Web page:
In Europe and North America, about a third of the corn crop goes to car fuel. Every SUV tank filled with ethanol fuel uses enough resources to feed one starving child for a year, ethanol critics argue - a nice way to point out the ethics behind what governments do and don't subsidize, but not well reasoned in terms of food impacts.
Almost 40 per cent of corn goes to feed livestock, producing an excess of low-?cost, high-?fat meat, one of the causes of the other "world food crisis" known as obesity, which affects 1.6 billion people without causing complaints about corn abuse.
Another perverse waste of the corn crop is the cheap sweetener called fructose. Most junk foods and soda pops stay cheap and over-?consumed thanks to corn fructose, which takes up about 10 per cent of the corn crop without causing the slightest controversy about rampant diabetes or the diversion of food land from feeding the needy.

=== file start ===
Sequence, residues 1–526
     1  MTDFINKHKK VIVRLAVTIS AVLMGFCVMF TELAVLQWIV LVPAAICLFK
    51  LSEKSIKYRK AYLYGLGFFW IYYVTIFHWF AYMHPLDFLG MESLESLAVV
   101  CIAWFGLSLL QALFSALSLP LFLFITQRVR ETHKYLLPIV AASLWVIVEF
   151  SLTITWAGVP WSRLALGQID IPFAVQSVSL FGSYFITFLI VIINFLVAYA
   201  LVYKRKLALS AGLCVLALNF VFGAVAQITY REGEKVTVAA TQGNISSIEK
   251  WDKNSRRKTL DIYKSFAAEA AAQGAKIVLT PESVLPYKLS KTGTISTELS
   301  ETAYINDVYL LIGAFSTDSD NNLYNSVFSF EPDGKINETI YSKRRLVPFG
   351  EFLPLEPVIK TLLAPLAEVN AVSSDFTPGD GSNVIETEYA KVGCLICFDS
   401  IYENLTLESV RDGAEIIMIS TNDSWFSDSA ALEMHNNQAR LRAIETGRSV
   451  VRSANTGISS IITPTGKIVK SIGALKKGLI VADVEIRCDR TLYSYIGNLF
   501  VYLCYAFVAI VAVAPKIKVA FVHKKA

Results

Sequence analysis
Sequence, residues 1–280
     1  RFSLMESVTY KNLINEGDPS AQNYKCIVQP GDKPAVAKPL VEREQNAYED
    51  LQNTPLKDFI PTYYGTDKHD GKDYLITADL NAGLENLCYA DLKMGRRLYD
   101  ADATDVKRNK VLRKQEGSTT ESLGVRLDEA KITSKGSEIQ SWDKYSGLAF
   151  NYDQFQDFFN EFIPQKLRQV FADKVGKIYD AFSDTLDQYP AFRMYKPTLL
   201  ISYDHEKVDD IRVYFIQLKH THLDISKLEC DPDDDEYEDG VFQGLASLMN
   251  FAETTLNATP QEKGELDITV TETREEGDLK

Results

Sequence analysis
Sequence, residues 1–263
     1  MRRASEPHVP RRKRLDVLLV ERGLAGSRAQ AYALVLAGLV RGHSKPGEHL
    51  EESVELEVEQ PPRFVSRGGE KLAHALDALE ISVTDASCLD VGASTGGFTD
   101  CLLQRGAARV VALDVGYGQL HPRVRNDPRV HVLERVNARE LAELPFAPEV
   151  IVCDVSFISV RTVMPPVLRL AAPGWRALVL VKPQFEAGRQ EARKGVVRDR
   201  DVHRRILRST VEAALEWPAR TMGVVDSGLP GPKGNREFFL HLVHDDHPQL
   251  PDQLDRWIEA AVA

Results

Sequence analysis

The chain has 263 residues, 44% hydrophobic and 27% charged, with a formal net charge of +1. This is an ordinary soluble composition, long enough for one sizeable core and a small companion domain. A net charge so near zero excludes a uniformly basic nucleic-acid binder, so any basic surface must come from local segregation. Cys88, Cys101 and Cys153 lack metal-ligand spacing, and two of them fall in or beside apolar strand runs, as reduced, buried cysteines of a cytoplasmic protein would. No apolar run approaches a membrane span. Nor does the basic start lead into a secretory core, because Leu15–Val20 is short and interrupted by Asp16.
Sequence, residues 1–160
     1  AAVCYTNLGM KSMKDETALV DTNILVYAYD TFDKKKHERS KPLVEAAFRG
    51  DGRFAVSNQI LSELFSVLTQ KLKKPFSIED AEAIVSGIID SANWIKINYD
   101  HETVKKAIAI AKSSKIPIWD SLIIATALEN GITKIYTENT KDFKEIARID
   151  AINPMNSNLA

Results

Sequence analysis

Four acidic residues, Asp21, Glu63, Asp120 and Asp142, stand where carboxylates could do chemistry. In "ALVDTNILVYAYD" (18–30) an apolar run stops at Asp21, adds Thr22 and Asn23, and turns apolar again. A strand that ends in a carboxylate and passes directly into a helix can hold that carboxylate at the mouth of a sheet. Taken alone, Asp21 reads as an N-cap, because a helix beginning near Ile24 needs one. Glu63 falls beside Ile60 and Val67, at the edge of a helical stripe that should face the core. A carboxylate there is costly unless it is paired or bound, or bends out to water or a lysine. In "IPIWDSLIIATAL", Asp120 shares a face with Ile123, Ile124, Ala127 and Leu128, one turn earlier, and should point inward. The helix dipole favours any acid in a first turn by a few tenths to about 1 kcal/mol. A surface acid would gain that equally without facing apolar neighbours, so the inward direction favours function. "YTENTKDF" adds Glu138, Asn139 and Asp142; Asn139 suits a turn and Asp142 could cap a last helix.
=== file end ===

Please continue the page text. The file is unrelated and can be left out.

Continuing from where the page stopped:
Of the dangerous tricks our psyches play on us, denial has been the big problem in terms of global warming. But in terms of the world food crisis, the trick to watch for is displaced aggression.
World price increases between March 2007 and March 08:
Rice 74 per cent
Soya 87 per cent
Wheat 130 per cent
Number of chronically hungry people in developing countries: 820 million
Percentage of the world's hungry who live in India: 50 per cent
Grain consumed per year by the average Indian: 178 kilos
Grain consumed per year by the average American: 1,046 kilos
Vegetable oil consumed per year by the average Indian: 11 kilos
Vegetable oil consumed by the average American per year: 41 kilos
Milk consumed per year by the average Indian: 38 kilos
Milk consumed per year by the average American: 78 kilos
Source: The Blame Game: Who Is Behind The World Food Price Crisis? (Oakland Institute)